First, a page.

Ema

Fire distilled on film, Chilean director Pablo Larraín‘s Ema is sharp and stylized. A blend of erotic drama and dance movie, it is an ode to movement and the body. It’s a film that wears its symbolism on its sleeve; gorgeously shot sequences are included for metaphor even when they don’t further the story. It borders upon abstraction at points, barely clinging to the narrative as it descends into hyper-sexualized, stylized madness. The raw sensuality and imagery take over at the right moment; when our characters are detached from reality, we are too. It’s certainly an arthouse event film, one best seen as loud as possible to fill the experience with the deafening roar of love, loss, and lashing out.

Ema (Mariana Di Girolamo) and Gastón (Gael Garcia Bernal) are a married pair of dancers with an adopted son. They live the life of artistic free spirits, at least until a violent incident involving their son Polo (Cristián Suárez). She decides to abandon their child, and their marriage begins to crumble as a result. Ema is both destroyed and set free by this, set off on an odyssey of self discovery in attempt to forgive and forget. What could easily become a downer of a drama about a woman unfit for motherhood becomes a poem about raw sexuality, rage, and struggling to understand oneself. Almost abstracting to a lack of narrative through frequent sex, dance, and flamethrowers, it becomes fully experiential, a musicality within this hypnosis.

Mariana Di Girolamo is a knockout in the role of our titular reggaeton dancer. She adds a layer of warmth to a character that could easily be seen as self-interested and heartless in one dimension. Her Ema is richly layered, sympathetic even when she acts rashly. Sex is a drug to her, and as she spirals further from reality, her bisexual hookups grow more common. Sex is shown in brightly-colored flashes, scenes are never lingered on so the eroticism remains flashy, and the viewer is left wanting more. She gentles herself with women when these hookups approach the romantic, and is attached to both a female partner and her choreographer husband. Sex is movement, and sex is power. Sex is much like dance to her, with the motion and the eroticism. She’s worried her reggaeton background will make it harder to teach dance in schools, and when she applies she tries to emphasize classical backgrounds. When at a job interview, Ema mentions doing any sort of modern or cultural dance only as a last resort, as she knows it’ll be seen as inherently more sexual and adult.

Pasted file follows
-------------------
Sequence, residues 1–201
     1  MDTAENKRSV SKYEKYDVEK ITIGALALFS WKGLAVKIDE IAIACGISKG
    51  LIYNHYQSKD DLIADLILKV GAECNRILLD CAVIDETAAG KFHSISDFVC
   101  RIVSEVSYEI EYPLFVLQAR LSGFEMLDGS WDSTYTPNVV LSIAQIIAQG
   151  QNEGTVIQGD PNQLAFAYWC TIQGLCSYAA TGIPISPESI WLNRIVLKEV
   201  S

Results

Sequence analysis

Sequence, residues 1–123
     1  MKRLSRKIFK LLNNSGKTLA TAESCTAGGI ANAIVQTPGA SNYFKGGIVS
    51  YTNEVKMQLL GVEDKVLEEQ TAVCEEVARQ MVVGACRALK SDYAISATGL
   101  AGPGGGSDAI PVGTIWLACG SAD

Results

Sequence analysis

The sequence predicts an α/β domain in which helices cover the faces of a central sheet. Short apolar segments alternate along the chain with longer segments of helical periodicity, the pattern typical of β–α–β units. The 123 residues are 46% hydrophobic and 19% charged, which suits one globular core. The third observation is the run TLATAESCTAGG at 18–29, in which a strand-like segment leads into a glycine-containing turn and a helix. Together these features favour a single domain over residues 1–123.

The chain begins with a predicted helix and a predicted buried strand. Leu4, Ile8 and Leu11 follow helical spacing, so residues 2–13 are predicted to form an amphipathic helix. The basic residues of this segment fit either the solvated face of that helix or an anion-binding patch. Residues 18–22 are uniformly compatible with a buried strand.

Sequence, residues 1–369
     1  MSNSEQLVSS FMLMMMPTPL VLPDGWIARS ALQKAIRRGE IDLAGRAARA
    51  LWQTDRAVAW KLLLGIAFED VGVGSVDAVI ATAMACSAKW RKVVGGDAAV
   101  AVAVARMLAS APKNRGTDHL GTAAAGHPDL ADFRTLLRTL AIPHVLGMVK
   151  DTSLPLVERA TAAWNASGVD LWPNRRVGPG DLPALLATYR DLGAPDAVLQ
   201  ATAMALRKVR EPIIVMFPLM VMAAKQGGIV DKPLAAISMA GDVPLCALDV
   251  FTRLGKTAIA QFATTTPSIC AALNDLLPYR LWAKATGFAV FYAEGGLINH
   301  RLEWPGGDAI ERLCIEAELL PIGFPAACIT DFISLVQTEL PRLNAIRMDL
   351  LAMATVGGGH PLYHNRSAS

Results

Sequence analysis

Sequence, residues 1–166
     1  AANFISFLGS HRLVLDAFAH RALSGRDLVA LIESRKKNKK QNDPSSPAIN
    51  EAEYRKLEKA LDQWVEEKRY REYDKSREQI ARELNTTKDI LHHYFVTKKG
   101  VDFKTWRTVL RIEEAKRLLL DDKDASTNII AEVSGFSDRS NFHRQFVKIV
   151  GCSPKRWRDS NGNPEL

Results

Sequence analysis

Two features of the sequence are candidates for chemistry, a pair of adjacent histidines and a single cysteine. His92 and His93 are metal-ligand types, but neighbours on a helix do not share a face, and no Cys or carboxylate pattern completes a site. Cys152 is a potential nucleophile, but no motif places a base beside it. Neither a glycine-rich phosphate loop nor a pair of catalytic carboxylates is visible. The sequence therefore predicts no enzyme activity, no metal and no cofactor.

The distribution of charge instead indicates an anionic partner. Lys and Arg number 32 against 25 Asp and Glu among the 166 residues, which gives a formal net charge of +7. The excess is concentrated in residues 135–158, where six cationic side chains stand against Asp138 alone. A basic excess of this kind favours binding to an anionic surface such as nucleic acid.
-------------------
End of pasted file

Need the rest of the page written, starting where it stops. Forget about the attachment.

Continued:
Ema is a firestarter. Both literally, in the sense that she is often seen with a flamethrower in hand, silhouetted by the light of a burning car wreck, and figuratively in the way she interacts. Her arguments with Gastón are pointed and damaging, both going straight for the heart, him going as far as to liken her to a monster. She is rarely alone, often surrounded by her dance troupe, within which she appears striking. With bleached, slicked-back hair and a piercing gaze, she wants to appear unstoppable even when at a loss for plans. She loses herself in the motion, and, in turn, the world loses itself in her , and she always seems as if about to combust. Silhouetted against what almost appears to be the sun itself, she and her fellow dancers become pure light.

In a similar vein to Gaspar Noé‘s Climax, Ema revels in sexuality, motion, and family. It’s not the kind of film that has one set takeaway- it is an unlabeled autopsy of a woman falling apart. This isn’t the first film of Larraín’s to depict a woman dealing with familial loss and entering a spiral, but 2016’s Jackie has a far broader appeal due to being an English-language Natalie Portman Oscar vehicle. We aren’t meant to have a definitive reading of the film, or even share an experience. It is as interpretive as the act of dance itself, with different parts standing out to different viewers. Motion is the story- the film loses narrative for a time where we are just as lost in life as Ema is. The film revels in its departures from story, with flashy sequences there just to say ‘look how cool this is’, a tactic that’s usually self indulgent if the film wasn’t about indulging yourself in order to cope. Bright lights and reggaeton are the heart of the film just as much as Ema is, and with this, the city comes to life.

A

A Review

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